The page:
I was in work on Tuesday last week. The main R&D building in Sandwich is being closed this month and I had to vacate my office. I knew this moment was coming one way or another for a few months and so had been trying to throw out any clutter that I knew I wouldn’t need going forward. And there certainly was a lot of that!
This week then, it was mainly personal possessions and mementos – pictures off the walls, photographs on the notice board. My collection of coffee mugs, books and even some handbooks from various training courses I have attended. My son came in with me – it was his last day of school vacation – partly for physical support (I had a lot of books) but also for moral support (I had no idea how I would feel).
My office is now empty. I have a desk (with computer, monitor and phone) ready in the building assigned to house the Sandwich ‘go-forward’ organisation, and I have a few more books, photographs and pictures in my office at home.
In reality cleaning out my office at work was a much more rewarding and satisfying activity than I thought possible…let alone likely. Everything I boxed, bagged or threw out evoked a memory or two, but all those memories either brought a smile to my face or involved me telling my son the associated story…and sometimes both! The simple process of clearing out my clutter felt good.
And as I was driving home, I recalled conversations I had with colleagues who had left Sandwich but who had come back to visit. It was amazing how many times – when asked what they had been doing since they stopped working – that the answer involved spending time clearing out a garage or basement at home. The first couple of occasions I just assumed this had to be a coincidence. But then I realised that almost everyone was describing the same basic activity.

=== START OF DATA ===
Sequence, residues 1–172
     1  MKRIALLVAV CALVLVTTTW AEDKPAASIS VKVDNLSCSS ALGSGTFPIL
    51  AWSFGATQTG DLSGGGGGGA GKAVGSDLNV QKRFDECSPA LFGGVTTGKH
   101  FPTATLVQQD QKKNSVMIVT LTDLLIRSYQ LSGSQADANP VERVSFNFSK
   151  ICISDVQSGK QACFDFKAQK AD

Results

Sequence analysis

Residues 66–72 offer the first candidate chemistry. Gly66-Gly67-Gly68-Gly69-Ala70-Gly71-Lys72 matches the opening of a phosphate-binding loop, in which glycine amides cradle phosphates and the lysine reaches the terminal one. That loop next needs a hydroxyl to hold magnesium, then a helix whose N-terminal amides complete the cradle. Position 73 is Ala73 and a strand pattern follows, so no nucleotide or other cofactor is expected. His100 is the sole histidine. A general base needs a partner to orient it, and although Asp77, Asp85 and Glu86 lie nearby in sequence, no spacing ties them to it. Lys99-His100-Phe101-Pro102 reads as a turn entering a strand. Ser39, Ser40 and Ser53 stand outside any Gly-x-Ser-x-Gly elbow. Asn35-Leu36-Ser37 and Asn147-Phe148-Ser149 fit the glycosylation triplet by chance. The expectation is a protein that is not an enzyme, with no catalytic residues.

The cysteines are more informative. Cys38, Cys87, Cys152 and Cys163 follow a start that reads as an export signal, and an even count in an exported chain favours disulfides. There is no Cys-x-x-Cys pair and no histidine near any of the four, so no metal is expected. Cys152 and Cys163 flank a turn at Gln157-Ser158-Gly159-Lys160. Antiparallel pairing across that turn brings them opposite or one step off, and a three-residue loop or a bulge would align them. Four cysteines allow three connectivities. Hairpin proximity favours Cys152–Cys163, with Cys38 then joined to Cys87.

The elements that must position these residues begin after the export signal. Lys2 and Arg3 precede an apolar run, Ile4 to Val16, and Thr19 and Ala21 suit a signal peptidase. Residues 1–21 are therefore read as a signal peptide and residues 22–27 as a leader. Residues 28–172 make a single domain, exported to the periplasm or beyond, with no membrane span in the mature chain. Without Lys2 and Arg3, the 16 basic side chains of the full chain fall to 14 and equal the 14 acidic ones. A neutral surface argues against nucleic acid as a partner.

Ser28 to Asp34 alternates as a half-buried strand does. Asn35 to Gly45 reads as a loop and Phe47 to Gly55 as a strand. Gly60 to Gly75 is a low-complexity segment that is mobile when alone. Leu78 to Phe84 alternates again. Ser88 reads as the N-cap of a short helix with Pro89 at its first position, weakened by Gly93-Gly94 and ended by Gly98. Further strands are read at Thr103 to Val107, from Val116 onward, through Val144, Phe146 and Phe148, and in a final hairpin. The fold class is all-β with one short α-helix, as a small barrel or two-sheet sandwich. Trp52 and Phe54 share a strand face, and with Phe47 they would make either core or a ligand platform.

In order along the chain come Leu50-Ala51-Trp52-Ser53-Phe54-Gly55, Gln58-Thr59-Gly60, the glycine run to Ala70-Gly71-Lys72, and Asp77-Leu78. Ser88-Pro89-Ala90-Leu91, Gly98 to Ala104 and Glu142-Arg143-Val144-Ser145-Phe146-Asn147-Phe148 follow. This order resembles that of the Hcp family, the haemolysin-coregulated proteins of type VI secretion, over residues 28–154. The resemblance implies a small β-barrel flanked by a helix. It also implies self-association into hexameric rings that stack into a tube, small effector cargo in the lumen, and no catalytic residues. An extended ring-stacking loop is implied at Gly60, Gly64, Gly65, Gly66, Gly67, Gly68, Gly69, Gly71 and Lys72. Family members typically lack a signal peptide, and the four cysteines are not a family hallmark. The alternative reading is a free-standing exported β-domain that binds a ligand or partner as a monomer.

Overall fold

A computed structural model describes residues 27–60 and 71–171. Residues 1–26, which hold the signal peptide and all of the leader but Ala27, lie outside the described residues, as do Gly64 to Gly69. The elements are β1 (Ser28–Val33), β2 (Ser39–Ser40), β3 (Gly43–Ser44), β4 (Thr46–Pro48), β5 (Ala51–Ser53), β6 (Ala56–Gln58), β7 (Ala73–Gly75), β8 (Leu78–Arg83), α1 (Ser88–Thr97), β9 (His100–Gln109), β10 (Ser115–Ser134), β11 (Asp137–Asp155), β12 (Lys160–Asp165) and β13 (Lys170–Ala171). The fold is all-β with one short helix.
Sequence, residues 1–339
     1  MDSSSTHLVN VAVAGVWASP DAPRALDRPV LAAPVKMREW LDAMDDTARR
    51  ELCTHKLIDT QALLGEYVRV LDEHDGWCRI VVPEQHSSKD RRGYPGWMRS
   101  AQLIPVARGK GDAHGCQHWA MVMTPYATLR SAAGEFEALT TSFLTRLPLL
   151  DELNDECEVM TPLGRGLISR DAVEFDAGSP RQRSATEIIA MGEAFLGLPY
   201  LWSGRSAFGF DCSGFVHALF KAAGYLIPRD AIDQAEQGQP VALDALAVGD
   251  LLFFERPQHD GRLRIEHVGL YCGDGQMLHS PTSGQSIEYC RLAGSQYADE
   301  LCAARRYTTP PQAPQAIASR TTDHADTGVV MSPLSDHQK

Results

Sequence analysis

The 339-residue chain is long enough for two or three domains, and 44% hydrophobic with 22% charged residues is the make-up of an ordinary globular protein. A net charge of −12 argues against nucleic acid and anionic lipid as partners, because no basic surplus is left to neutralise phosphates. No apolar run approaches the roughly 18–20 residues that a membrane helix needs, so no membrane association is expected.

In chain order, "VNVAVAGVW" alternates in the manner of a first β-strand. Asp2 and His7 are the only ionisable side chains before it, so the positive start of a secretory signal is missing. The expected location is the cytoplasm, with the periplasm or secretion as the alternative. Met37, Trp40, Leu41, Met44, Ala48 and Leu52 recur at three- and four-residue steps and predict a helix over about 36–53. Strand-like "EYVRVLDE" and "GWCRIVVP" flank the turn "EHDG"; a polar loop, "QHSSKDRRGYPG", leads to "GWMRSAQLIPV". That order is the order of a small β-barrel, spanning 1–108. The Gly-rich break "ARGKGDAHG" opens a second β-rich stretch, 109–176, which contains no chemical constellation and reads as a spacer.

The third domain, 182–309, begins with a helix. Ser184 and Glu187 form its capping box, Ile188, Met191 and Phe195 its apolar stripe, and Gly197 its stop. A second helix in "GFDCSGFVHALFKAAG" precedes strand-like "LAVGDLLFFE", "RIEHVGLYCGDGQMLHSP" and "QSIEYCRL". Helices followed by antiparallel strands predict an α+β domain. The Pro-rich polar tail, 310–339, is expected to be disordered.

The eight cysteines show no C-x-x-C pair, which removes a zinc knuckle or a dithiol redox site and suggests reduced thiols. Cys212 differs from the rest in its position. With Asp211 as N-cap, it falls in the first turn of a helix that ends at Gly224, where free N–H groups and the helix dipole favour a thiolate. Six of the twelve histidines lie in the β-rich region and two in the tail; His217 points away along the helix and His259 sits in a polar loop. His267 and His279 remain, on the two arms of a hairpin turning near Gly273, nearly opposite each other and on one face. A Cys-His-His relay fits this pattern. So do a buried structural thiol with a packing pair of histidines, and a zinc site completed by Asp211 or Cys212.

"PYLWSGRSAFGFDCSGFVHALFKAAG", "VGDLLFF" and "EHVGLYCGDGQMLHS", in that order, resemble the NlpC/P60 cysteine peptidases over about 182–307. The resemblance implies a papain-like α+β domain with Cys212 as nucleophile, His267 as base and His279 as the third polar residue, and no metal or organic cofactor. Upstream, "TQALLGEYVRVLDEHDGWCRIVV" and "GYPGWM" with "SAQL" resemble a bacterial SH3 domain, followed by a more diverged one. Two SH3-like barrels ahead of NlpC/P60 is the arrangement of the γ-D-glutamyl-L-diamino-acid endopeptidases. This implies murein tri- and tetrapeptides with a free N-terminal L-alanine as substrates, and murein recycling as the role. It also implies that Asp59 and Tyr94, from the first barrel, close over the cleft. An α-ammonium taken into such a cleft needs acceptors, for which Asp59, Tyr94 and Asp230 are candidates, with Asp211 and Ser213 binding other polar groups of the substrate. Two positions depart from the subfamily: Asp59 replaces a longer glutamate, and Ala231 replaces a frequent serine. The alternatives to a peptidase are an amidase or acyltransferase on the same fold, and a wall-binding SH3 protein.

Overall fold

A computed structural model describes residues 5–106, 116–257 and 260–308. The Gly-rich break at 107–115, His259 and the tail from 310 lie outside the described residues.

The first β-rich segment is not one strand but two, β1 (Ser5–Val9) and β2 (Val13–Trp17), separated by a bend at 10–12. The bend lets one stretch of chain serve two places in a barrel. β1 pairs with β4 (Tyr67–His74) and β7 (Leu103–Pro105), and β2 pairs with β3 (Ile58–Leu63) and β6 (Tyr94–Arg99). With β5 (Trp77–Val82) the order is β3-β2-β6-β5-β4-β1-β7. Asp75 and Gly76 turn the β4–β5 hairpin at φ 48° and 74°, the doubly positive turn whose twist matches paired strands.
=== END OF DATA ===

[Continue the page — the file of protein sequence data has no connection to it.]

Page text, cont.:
I was left with the impression that there had to be some connection between the physical clearing out of clutter (whether it’s from an office, basement or garage) and the mental clearing of the mind. I assume it has to be something about preparing (physically and mentally) to move on – to be somewhere else…or to do something different…or even to be someone different. It’s as if getting rid of clutter – especially clutter from the past – allows us to be more open to new opportunities coming our way.
And being more open to new opportunities certainly sounds like a good thing – a good thing for us individually and also for us organisationally. So at this point I found myself wondering whether this feeling of liberation and openness can be achieved at other times. Wondering whether it is a purely personal thing or whether it can indeed be experienced by an organisation?
Would it be possible to deliberately set about creating this sense of openness? What would be the ‘clutter’ within an organisation that could be cleared out to generate that general sense of openness? Hopefully it’s not just people? What about projects? Ironically it sometimes seems easier for us to let people go than it is to give up on projects. But clearing out clutter projects – projects that are not going anywhere and that are burning resource – would definitely be of high value intrinsically let alone how it may help in terms of opening our minds to change and opportunity.
I know it’s hard. But it’s worth it – the idea of clearing my office was hard, but I left that day feeling like I had wings…